# the ROC of a Z-transform for shifted signal I have got two different answers for the ROC of the signal. In that PIC, I have solved it in 2 methods, but I'm getting different answer. Which one is correct? Also please explain how to find the ROC of shifted signal?

• Sorry ,in that first case x(z)=1+0.5 z^-1 – Ajay vishwanath Nov 1 '15 at 12:34

The $\mathcal{Z}$-transform of your signal is

$$X(z)=1+\frac12 z^{-1}\tag{1}$$

(as you figured out by yourself).

The ROC is obviously the whole $z$-plane except for $z=0$, because there's a pole at $z=0$. Note that the ROC of the $\mathcal{Z}$-transform of any finite length sequence must be the whole $z$-plane, possibly except for $z=0$ (for sequences with non-zero values for $n>0$), and $z=\infty$ (for sequences with non-zero values for $n<0$). So by merely looking at the sequence you could determine its ROC.

The reason why your second method of determining the ROC doesn't work is because when you add the two $\mathcal{Z}$-transforms you get a pole/zero cancellation:

$$X(z)=\frac{1}{1-\frac12 z^{-1}}-\frac{\frac14 z^{-2}}{1-\frac12 z^{-1}}=\frac{(1-\frac12 z^{-1})(1+\frac12 z^{-1})}{1-\frac12 z^{-1}}=1+\frac12 z^{-1}$$

So the restricted ROCs of both functions caused by the pole don't show up in the final result due to this pole/zero cancellation.

Note that you could express the unit impulse by $\delta[n]=a^nu[n]-a^nu[n-1]$ and obtain arbitrary ROCs of the separate $\mathcal{Z}$-transforms of the two terms on the right-hand side, depending on the choice of $a$. However, the ROC of the $\mathcal{Z}$-transform of $\delta[n]$ (which is $1$) is obviously the whole $z$-plane, including $z=0$ and $z=\infty$.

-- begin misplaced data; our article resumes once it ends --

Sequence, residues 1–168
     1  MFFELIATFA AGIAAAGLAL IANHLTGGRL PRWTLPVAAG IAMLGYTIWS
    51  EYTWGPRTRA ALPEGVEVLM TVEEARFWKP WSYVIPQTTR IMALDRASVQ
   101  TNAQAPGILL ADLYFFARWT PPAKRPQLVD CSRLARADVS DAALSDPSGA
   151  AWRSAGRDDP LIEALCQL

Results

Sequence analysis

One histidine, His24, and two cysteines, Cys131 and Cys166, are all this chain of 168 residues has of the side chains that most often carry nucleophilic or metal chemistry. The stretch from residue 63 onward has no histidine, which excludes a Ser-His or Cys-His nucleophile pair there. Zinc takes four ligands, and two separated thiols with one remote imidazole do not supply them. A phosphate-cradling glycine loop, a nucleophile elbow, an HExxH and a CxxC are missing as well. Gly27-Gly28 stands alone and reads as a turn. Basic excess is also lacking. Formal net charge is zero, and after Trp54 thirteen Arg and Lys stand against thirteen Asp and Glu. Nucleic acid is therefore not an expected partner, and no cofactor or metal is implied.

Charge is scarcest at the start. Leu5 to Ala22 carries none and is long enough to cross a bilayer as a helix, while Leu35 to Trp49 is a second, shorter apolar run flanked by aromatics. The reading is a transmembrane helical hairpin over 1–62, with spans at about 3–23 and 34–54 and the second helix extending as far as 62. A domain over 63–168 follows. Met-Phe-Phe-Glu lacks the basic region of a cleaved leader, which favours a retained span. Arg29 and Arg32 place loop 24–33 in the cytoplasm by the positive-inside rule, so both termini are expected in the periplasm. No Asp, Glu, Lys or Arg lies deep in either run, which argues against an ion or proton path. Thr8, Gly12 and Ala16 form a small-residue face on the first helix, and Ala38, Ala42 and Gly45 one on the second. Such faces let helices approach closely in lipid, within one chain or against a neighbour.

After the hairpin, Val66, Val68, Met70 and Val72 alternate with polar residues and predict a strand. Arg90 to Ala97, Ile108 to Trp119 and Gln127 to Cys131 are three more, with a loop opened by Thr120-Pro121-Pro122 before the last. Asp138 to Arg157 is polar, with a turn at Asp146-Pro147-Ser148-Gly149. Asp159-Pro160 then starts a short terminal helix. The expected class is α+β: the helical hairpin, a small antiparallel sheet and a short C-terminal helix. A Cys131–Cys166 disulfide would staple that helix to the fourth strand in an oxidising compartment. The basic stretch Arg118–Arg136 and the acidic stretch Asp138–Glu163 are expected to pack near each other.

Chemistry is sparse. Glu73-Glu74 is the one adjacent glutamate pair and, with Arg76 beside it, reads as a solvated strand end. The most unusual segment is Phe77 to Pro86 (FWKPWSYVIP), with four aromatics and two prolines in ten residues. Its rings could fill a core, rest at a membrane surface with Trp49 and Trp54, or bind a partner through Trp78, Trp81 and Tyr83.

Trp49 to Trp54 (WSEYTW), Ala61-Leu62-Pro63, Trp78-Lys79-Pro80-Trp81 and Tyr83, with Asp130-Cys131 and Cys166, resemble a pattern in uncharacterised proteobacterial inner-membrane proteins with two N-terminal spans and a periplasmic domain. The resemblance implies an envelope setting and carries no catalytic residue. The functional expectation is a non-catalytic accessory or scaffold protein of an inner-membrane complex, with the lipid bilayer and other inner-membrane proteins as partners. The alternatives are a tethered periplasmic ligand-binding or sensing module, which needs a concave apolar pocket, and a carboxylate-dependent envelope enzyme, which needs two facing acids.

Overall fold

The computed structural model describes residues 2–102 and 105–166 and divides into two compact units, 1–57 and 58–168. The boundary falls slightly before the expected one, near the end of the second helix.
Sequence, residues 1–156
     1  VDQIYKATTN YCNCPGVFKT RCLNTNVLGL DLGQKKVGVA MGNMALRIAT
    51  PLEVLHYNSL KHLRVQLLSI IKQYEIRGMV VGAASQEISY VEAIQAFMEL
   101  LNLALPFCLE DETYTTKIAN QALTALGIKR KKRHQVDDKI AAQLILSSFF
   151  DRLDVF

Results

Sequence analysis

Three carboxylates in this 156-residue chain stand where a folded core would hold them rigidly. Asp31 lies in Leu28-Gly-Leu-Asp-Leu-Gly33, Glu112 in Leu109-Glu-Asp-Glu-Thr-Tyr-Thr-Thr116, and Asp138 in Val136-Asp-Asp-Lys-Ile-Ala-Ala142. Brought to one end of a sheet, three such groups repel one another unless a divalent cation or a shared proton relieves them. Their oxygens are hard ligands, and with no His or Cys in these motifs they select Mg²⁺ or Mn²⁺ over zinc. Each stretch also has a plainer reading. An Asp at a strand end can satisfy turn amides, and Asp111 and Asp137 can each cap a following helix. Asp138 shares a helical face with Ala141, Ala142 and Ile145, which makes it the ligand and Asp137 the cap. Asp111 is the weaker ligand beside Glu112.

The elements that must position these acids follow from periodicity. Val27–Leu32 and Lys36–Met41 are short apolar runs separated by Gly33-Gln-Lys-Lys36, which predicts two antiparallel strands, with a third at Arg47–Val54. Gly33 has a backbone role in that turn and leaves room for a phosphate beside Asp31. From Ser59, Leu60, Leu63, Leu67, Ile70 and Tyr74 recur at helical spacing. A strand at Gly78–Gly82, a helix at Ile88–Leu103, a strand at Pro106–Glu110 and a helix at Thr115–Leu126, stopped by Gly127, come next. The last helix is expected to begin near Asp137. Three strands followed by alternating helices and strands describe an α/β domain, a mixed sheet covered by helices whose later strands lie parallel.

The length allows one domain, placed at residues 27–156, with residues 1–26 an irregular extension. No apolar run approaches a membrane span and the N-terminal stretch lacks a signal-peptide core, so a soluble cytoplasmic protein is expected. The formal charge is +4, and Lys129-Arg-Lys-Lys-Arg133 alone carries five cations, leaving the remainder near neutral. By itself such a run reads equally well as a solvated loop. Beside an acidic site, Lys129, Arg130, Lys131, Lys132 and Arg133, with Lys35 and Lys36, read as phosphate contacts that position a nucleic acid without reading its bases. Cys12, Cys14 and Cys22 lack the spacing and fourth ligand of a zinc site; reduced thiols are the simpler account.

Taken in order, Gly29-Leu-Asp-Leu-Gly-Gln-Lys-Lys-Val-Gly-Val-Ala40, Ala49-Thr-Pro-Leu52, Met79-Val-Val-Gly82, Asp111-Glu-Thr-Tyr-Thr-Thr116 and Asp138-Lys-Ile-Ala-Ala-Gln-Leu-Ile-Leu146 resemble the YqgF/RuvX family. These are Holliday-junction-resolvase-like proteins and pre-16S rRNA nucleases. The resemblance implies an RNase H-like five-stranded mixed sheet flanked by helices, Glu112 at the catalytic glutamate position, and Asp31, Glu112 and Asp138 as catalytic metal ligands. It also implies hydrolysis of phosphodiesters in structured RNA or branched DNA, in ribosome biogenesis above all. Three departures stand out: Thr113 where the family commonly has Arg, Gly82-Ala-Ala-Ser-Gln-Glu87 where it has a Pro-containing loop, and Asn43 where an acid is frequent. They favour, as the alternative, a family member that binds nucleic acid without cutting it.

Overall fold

In general, if you have a $\mathcal{Z}$-transform $X(z)$ and you shift the corresponding sequence to the right by $k$ samples, $X(z)$ gets multiplied by $z^{-k}$. So all poles and zeros of $X(z)$ remain unchanged, and a pole at $z=0$ and a zero at $z=\infty$ are added, both with multiplicity $k$. Of course they can cancel with already existing poles or zeros. Analogously, if you shift the sequence to the left by $k$ samples, $X(z)$ gets multiplied by $z^k$, which adds a $k$-fold pole at $z=\infty$ and a $k$-fold zero at $z=0$. As an example, take the sequence $a^nu[n]$ with $|a|<0$. Its $\mathcal{Z}$-transform is

$$X(z)=\frac{z}{z-a}$$

with a pole at $z=a$ and a zero at $z=0$. If you shift the corresponding sequence to the right by one sample, the resulting $\mathcal{Z}$-transform is $z^{-1}X(z)$. The original zero at $z=0$ gets cancelled by the new pole at $z=0$, and you're left with the original pole at $z=a$ and a new zero at $z=\infty$. If you shift the sequence to the left by one sample you get $zX(z)$, which gives a double zero at $z=0$, the original pole at $z=a$, and an additional pole at $z=\infty$.

1. Your first answer does not include the 0.5 coefficient on the $z^{-1}$ term.

2. Your second answer needs to look at both together, not separately.